Service dogs and the Air Carriers Access Act

The Air Carrier Access Act (ACAA) requires airlines to allow service animals and emotional support animals to accompany their handlers in the cabin of the aircraft.

For evidence that an animal is a service animal, air carriers may ask to see identification cards, written documentation, presence of harnesses or tags, or ask for verbal assurances from the individual with a disability using the animal. If airline personnel are uncertain that an animal is a service animal, they may ask one of the following:

[if !supportLists]1. [endif]What tasks or functions does your animal perform for you?

[if !supportLists]2. [endif]What has your animal been trained to do for you?

[if !supportLists]3. [endif]Would you describe how the animal performs this task for you?

If a service animal cannot be accommodated at the seat location of the handler with a disability whom the animal is accompanying, the carrier should offer the passenger the opportunity to move with the animal to a different seat location, if present on the aircraft, where the animal can be accommodated, as an alternative to requiring that the animal travel with checked baggage.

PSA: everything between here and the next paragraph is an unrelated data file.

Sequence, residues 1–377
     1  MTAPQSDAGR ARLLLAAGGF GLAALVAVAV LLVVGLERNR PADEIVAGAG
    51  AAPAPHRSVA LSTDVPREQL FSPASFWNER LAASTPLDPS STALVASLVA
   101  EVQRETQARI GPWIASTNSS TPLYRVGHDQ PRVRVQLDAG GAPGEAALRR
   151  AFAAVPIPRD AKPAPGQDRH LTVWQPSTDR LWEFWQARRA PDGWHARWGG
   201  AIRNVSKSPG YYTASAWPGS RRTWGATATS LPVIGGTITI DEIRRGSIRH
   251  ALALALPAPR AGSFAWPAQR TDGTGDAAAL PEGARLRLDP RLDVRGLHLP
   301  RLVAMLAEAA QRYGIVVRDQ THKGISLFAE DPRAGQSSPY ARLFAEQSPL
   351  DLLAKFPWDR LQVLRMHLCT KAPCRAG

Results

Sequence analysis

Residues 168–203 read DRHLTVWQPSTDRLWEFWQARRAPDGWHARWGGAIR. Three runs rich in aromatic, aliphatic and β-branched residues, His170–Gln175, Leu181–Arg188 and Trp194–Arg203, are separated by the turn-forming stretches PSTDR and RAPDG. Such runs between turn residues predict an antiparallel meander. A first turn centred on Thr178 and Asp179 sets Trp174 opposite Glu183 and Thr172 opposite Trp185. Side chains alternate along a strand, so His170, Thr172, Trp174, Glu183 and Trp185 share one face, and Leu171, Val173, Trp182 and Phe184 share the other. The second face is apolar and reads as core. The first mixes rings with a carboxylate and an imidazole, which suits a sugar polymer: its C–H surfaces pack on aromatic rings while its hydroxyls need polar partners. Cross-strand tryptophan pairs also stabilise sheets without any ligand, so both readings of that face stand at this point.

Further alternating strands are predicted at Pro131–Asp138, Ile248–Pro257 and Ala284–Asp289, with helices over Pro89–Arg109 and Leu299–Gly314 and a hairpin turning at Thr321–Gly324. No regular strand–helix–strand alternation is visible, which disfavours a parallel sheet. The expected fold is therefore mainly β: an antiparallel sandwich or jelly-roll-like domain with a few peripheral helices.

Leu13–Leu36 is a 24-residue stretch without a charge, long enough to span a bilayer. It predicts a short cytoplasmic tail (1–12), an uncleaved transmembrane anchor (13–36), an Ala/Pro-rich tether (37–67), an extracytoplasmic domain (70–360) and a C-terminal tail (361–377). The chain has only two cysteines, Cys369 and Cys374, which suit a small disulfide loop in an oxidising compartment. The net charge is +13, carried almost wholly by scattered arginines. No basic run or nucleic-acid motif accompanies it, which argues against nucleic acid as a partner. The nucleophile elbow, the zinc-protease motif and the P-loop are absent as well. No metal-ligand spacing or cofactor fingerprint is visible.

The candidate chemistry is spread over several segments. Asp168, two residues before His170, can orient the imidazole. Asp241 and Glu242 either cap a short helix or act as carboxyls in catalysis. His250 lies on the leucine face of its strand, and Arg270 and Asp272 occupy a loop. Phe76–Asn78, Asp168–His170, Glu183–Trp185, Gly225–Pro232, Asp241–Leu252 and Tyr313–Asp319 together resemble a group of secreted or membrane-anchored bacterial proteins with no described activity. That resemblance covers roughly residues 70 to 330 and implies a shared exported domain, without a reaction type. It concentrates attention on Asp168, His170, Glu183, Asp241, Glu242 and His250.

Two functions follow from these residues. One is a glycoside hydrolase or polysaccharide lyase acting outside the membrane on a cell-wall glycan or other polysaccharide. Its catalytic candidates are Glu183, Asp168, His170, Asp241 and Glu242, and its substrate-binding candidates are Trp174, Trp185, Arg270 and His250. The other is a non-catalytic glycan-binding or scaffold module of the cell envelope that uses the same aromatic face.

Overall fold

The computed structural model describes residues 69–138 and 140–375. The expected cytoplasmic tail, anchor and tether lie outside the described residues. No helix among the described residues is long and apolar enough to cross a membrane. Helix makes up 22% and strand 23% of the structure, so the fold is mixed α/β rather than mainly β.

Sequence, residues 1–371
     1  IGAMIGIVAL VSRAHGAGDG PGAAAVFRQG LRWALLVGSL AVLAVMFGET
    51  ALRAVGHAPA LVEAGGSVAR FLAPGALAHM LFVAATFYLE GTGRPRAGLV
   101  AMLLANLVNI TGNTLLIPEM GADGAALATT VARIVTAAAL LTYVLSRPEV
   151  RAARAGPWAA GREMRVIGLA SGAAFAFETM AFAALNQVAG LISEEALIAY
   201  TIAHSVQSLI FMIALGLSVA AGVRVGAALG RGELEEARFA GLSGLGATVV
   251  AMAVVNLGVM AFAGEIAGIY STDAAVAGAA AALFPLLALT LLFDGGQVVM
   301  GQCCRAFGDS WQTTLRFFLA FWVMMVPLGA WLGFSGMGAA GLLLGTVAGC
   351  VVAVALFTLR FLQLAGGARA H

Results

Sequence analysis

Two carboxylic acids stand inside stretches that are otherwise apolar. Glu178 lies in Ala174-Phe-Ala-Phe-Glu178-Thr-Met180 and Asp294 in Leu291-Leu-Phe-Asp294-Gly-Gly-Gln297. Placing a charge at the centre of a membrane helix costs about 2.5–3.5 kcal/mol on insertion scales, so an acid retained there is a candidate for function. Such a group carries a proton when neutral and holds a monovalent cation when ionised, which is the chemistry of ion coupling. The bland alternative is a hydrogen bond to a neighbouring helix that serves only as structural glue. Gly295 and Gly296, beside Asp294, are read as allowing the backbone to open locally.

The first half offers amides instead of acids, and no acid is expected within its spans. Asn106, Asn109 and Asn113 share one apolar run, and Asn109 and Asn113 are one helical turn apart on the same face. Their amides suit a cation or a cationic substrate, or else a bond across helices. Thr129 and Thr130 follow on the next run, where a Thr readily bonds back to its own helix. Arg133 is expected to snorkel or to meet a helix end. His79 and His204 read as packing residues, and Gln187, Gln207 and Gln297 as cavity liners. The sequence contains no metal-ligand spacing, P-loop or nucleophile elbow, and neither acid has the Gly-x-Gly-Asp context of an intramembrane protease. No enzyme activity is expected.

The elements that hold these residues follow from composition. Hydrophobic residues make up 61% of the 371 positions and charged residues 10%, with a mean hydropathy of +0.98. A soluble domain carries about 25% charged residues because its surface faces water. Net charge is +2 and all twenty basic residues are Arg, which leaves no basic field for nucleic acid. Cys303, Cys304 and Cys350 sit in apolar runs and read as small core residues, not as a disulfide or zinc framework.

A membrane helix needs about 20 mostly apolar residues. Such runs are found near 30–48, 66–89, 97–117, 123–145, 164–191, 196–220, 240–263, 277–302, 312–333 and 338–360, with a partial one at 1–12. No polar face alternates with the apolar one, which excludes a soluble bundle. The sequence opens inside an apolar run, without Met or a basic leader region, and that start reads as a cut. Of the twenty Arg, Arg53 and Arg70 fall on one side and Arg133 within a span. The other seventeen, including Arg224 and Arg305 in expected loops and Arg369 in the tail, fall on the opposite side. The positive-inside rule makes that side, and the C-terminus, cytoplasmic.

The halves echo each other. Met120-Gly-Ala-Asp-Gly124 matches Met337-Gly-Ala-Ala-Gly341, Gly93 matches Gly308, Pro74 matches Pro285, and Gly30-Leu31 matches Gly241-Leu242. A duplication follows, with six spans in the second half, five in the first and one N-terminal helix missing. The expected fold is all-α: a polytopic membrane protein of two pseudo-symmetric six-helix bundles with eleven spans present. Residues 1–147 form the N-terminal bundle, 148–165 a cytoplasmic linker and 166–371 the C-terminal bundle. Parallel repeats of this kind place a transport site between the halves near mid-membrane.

To ensure that you and your dog have an assigned seat, I suggest you notify the airlines you are traveling with a service dog as soon as you make the reservation. Keep a record of whom you spoke with and when. Before the day of travel, follow-up with the airline to make certain they have their records noted that your service dog is traveling with you. Ask if there is any special documentation you might need. Usually, a properly trained and behaved service dog will not be challenged at the gate. You might want to ask the gate agent to allow you to go onto the plane ahead of general boarding. Having your dog in a market harness and or a photo ID badge is not required, but can prevent being confronted when boarding.